yacht sails against the tide the correct course, if possible, is
close inshore where the effect is least felt. When
the tide runs with the yacht deep water must be found. Here its
strength will be greatest and this will enable the yacht to go
Wind is rarely consistent throughout a race, and
can often disappear altogether. It is quite common to find one yacht
completely becalmed and another, close by, moving well with sails
filled simply due to local weather conditions. Sometimes good
tactics will find the best wind. When becalmed, skippers tend to
become irritable and very unreasonable.
It is the responsibility of the navigator to
ensure that the yacht does not go aground. This happens often. As
the fleet disappears over the horizon, and your crew look forward to
a long wait, stuck on the putty, do not expect to be popular if you
were the navigator!
One of the more exciting, if very wet,
occupations on board is working on the foredeck. Usually less brute
strength is required, but agility and balance are essential. Here
you will be mostly concerned with changing sails at high speed. You
will be in full view of the rest of the crew, and every mistake made
will be greeted by a howl of rage from behind.
'tactics to get in front are very important'
Ocean racing is a very popular sport but while
racing, you will wonder why, but by the next weekend you will again
be as keen as ever.
For those who would rather sail for shorter
lengths of time, racing a small keelboat or dinghy is the answer. As
a general rule, keelboats do not turn over, dinghies do.
Usually sailing is confined to those times when
the bar is closed. You will not have to go on board before a
civilized hour in the morning and you will get home before dark. The
average length of a race is two to four hours. A greater number of
races are held each week and this will give you a wider choice as to
which days you make available for sailing.
You will be sailing in sheltered waters, and
never very far away from help. The design of inshore boats is
therefore more extreme, as they are not intended to
cope with very rough conditions. As races are short, no
accommodation is needed. A bucket is provided for calls of nature in
keelboats, but many dinghy sailors are not so lucky.
Most races are divided into ‘one design' classes.
This means that within each class you will be sailing against boats
exactly the same as your own. Racing can be very exciting, as the
yachts remain much closer together and tactics to get in front are
very important. Handicaps are unnecessary and the first yacht home
is the winner. Many believe that this type of racing shows the
capabilities of helmsman and crew best. If you lose, it is usually
your fault, and not the design of the boat.
As boats become smaller, they generally become
less complicated. There are a few notable exceptions such as
‘Dragons’. However, smaller boats are less stable, and things happen
very quickly. This makes life harder for the novice, as he will not
have much time to think which ‘string’ to pull. Dinghies do not rely
on a heavy keel to keep upright. Instead, this is done by placing
the crew, often at very awkward angles, in seemingly impossible
positions to counterbalance the boat. This method does not always
work, and at first you will never be at the right place at the right
time. The penalty for a mistake usually involves a capsize and a
'diminish in size'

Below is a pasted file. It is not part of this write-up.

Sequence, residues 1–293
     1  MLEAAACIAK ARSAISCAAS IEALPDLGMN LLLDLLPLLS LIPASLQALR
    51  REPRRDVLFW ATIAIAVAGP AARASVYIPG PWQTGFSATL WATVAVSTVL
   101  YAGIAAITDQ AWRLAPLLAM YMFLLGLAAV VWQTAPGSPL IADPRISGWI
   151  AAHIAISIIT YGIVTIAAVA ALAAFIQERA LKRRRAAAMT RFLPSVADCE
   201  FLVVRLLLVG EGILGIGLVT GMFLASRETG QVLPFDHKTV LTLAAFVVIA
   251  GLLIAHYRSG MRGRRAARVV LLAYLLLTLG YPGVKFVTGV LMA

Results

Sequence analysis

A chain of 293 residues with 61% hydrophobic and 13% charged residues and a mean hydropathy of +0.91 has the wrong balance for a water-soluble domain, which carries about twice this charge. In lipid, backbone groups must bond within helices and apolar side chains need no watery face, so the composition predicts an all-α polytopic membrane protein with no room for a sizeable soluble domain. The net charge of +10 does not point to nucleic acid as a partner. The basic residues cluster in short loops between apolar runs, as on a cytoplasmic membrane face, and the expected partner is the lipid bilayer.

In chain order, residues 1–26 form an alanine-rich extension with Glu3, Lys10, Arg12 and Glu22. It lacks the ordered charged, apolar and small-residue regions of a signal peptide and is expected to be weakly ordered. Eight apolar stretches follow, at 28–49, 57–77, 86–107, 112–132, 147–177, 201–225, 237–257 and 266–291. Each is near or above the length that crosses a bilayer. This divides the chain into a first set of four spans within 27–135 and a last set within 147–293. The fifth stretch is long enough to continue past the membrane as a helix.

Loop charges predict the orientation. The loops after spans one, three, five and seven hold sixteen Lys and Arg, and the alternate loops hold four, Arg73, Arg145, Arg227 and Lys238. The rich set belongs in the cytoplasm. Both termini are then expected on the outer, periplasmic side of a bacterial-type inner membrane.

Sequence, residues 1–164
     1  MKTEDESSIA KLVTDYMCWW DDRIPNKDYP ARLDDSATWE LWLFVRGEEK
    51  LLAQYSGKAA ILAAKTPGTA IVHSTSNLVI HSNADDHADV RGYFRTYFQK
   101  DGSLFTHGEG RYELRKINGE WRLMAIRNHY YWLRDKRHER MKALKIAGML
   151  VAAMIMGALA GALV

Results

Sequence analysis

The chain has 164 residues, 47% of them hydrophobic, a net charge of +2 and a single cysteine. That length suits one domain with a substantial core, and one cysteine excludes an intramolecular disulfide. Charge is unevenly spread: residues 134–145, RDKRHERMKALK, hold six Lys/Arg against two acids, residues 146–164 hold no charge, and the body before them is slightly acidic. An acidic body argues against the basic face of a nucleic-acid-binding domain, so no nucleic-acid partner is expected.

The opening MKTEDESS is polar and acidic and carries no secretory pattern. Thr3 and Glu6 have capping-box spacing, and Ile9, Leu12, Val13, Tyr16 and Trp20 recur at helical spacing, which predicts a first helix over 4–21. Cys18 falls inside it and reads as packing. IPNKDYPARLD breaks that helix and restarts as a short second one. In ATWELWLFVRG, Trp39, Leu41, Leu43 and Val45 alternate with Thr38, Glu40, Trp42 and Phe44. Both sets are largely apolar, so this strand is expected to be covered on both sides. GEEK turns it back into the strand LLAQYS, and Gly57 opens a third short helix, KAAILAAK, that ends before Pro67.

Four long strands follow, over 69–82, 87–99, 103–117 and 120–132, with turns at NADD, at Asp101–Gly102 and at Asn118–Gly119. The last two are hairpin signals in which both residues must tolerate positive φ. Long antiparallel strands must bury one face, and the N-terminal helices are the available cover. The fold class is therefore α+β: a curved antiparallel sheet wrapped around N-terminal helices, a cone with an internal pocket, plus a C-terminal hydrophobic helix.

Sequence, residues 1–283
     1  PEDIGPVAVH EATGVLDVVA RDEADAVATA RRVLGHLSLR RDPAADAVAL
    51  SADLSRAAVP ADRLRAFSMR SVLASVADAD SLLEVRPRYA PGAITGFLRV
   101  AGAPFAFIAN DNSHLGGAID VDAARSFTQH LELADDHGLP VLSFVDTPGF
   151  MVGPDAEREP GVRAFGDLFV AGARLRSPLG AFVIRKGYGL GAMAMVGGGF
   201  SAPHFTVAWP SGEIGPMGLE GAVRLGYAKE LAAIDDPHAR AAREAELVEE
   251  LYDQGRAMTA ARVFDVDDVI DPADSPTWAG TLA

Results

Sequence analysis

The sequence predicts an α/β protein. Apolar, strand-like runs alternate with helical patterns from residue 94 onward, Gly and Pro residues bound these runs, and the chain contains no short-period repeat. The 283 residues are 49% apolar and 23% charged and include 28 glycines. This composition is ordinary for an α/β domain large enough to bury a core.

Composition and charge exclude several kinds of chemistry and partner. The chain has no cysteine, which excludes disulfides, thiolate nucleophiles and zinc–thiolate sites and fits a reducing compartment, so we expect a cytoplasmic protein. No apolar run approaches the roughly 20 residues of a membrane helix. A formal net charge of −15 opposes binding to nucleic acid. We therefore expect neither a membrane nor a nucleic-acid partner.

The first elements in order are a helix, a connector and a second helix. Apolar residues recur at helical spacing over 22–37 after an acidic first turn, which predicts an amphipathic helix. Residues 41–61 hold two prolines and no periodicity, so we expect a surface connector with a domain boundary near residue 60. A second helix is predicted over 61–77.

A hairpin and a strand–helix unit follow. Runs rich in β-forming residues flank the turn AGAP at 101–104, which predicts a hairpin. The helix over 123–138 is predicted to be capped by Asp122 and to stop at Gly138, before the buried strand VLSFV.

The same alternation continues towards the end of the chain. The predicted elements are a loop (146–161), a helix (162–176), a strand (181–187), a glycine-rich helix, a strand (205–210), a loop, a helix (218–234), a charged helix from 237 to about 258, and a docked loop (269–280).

Smaller boats require few hands. Keelboats race
with one or two crew, and dinghies with two, or in some classes,
only the helmsman. This means that as a novice you will probably
have to accept more responsibility from the start.
Inshore racing is fast, highly competitive and
very exciting. Everything always happens at once, and for your short
time on the water you will be fully employed.
Racing is an extremely safe sport, provided those
participating in it are sensible. Offshore racing boats have very
strict minimum safety standards enforced. Before each race some
yachts may be chosen at random by the racing committee and
inspected. The yacht will not be allowed to race if the standard has
not been reached. Requirements include an inflatable life-raft to
carry the entire crew, buoyancy aids and safety lines for each crew
member, at least two life belts, a spare anchor and cable, spare
compass, and a complete first aid kit.
GOOD CREW P0INTERS
DO wear buoyancy aids and
life-lines, at night and in rough weather when sailing offshore.
DO offer to bring food for the
ships stores when sailing in longer races. Bring sandwiches for day
DO what the skipper tells you at
all times. He or she should know better than you.
DO concentrate at all times when
given a job to do.
DO make sure you do not fall in. It
is better to be a bit slower on the job than waste time fishing for
DO arrive well in time for the
beginning of the race and make sure you know where to meet the
DO phone the skipper in good time
should you be unable to get to a race. He will have to find another
DO keep a watch at all times for
other yachts or boats nearby. Often the helmsman’s vision is
obscured by sails
DO make sure you bring adequate
clothing for the race.
DO help to tidy up the yacht after
DON'T argue with the skipper, even
if you know he is wrong. Most decisions skippers make are wrong, but
usually they own the boat.
DON'T remind the skipper of errors
he has made that lost the race. He will be well aware of them
DON'T go on board a yacht wearing
hard soled or dirty shoes. Always put deck shoes on first.
DON'T go to sleep on watch, or
gossip when you are tending to a sail.
DON'T be sick unless it is in a
bucket, or preferably over the leeward side.
DON'T block the sea toilet.
DON'T get drunk in the skippers
favourite yacht club.
A good crew wins races.. and skippers usually